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Finding Her Way

Mission trip in Kenya inspires student-athlete’s dream of helping special needs youth

Jordan Redmond, a special education major, used part of her mission trip in Kenya to work with special needs students. SUBMITTED BY JORDAN REDMOND


Inspiring Innovation: Stanford University beach volleyball player Jordan Burgess joined Cardinal discus thrower Sina Javidan-Nejad to create Overtime, a nonprofit designed to inspire student-athletes and children across the nation to dream and innovate. The idea is to invite youngsters to campus once a week to team up with athletes from various sports.

Providing Safe Havens: Campbell University has partnered with Room for Grace, a nonprofit founded by women’s lacrosse assistant coach Jessica Moulton that provides short-term, rent-free housing to families in emergency situations. The group recently helped a family that lost a home to fire.

Concordia University Texas student Jordan Redmond is back at school with a new perspective. A few months ago, the special education major found herself working with special needs students in Nairobi, Kenya.

For Redmond, also a middle hitter for the Tornados women’s volleyball team for the past two years, the humanitarian trip to Nairobi was nothing like she expected. From serving the street youth population with a local organization to working in a slum where she witnessed six or seven people living in a space about the size of a standard American bathroom, it was a life-changing experience.

A highlight of the trip for Redmond was her time at the special needs school interacting with teachers and seeing their passion for students. Oftentimes, special needs children or parents of special needs students are outcasts in society, she says. This school not only serves the students but also helps provide jobs for their caregivers.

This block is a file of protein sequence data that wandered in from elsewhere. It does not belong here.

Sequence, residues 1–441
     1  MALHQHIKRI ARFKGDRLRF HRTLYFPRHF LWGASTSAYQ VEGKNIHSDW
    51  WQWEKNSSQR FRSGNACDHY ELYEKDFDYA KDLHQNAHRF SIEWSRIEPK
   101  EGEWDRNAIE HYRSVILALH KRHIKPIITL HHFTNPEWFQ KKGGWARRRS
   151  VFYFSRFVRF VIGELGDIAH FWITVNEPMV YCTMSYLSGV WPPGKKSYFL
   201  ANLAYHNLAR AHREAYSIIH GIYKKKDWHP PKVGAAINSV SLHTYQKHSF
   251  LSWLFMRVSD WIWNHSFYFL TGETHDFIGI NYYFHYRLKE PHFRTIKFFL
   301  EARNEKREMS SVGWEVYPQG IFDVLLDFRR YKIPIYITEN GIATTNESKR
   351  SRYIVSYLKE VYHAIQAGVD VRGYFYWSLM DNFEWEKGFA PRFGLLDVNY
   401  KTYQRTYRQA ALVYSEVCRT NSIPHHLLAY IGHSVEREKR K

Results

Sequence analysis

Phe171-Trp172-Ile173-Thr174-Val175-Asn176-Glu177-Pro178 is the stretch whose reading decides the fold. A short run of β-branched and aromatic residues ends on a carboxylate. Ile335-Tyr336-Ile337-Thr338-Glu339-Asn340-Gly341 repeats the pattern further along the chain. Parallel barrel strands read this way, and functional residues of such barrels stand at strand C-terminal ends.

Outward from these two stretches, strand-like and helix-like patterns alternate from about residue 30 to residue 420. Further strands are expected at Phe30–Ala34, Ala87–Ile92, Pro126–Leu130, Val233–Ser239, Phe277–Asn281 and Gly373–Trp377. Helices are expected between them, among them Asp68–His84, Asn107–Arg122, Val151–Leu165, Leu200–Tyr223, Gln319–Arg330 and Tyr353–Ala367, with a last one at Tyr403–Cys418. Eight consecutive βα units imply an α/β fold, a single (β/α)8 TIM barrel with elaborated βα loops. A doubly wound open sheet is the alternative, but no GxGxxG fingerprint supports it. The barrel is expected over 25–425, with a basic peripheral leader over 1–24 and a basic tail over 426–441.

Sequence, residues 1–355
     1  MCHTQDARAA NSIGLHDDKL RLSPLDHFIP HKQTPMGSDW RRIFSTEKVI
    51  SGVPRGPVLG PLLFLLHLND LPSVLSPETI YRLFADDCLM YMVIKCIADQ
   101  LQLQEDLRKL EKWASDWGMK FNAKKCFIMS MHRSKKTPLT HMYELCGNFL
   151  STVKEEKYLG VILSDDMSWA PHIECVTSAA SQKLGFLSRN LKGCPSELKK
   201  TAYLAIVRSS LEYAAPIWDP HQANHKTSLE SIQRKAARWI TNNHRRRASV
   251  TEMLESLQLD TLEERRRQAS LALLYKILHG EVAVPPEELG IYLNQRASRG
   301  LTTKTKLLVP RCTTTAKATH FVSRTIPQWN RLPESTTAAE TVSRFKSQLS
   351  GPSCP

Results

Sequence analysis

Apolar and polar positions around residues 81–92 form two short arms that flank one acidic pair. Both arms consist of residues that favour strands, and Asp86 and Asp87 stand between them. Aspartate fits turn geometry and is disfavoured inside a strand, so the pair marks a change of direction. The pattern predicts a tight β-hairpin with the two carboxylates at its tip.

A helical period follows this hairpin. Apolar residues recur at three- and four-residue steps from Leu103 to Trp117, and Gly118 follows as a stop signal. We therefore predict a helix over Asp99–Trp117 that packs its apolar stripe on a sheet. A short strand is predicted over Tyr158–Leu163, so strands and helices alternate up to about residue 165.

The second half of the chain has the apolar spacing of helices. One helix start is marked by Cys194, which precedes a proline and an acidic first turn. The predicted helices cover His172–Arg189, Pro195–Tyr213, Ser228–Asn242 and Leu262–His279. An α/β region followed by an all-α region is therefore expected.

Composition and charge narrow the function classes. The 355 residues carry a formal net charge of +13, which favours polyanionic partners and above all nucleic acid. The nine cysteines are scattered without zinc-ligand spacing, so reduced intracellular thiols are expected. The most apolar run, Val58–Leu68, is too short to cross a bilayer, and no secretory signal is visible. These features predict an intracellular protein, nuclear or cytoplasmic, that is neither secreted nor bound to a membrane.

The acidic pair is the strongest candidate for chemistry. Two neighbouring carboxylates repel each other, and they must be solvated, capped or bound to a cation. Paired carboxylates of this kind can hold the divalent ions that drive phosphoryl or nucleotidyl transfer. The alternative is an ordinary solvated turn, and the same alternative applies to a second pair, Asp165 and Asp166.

“The kids just got so excited to see people come and visit them; a lot of times they don’t get a lot of attention,” Redmond says. “It was also kind of heartbreaking to see the lack of resources that they have, especially for special education. In America, we have so much technology and ways we can support the students, but in Kenya they have to make do with what they have.”

Redmond felt inspired to serve in November after attending the Beautiful Feet Mission Conference held at Concordia University in Seward, Nebraska. Good friend Kailey Zieschang, whose father, Dan, is connected with Lutheran Social Services, had traveled to Kenya before, and Redmond begged to join the next trip to experience mission work firsthand. The pair spent from May 19 to June 3 in Nairobi and the surrounding areas serving however and wherever they could.

The final night Redmond was in Kenya, she also had a chance meeting with incoming Tornado student-athlete Hanah Singer, who will also compete in volleyball. Singer was in Kenya serving with her church.

After playing basketball at Southern Arkansas University her freshman year, Redmond transferred to Concordia University Texas, where her mother, Jana, had played volleyball and her father, Todd, had played basketball. She didn’t compete in either sport her sophomore year but joined the volleyball team the next season, finishing with 442 kills and 150 blocks and gaining American Southwest Conference accolades in her two seasons.

This fall, Redmond will study special education methods and practicum in a classroom setting. She will begin student teaching in the spring, with her duties split between a Lutheran school for general education and a public setting for special education.

“I just love being around kids, period, but I really do have a passion for Lutheran education,” says Redmond, who is targeting the elementary age group for her future career. “My dream job would be to find a Lutheran school and help build a special education program there.”

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